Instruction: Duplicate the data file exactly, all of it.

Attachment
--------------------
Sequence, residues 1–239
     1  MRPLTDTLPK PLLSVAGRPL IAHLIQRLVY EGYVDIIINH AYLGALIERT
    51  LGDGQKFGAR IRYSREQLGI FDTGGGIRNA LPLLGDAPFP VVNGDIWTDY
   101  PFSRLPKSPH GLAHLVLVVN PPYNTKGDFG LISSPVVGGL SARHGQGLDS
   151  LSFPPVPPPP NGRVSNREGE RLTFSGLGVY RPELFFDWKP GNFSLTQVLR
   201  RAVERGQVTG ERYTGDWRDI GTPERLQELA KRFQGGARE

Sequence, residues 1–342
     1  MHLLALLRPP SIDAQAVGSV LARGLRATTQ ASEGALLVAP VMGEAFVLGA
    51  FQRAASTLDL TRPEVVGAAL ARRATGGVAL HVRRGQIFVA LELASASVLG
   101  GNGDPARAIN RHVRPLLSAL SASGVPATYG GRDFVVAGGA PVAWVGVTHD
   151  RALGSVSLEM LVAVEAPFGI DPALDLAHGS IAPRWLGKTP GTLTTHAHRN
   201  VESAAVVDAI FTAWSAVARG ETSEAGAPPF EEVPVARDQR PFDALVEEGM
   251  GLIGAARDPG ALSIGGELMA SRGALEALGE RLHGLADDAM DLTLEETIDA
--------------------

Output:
Sequence, residues 1–239
     1  MRPLTDTLPK PLLSVAGRPL IAHLIQRLVY EGYVDIIINH AYLGALIERT
    51  LGDGQKFGAR IRYSREQLGI FDTGGGIRNA LPLLGDAPFP VVNGDIWTDY
   101  PFSRLPKSPH GLAHLVLVVN PPYNTKGDFG LISSPVVGGL SARHGQGLDS
   151  LSFPPVPPPP NGRVSNREGE RLTFSGLGVY RPELFFDWKP GNFSLTQVLR
   201  RAVERGQVTG ERYTGDWRDI GTPERLQELA KRFQGGARE

Sequence, residues 1–342
     1  MHLLALLRPP SIDAQAVGSV LARGLRATTQ ASEGALLVAP VMGEAFVLGA
    51  FQRAASTLDL TRPEVVGAAL ARRATGGVAL HVRRGQIFVA LELASASVLG
   101  GNGDPARAIN RHVRPLLSAL SASGVPATYG GRDFVVAGGA PVAWVGVTHD
   151  RALGSVSLEM LVAVEAPFGI DPALDLAHGS IAPRWLGKTP GTLTTHAHRN
   201  VESAAVVDAI FTAWSAVARG ETSEAGAPPF EEVPVARDQR PFDALVEEGM
   251  GLIGAARDPG ALSIGGELMA SRGALEALGE RLHGLADDAM DLTLEETIDA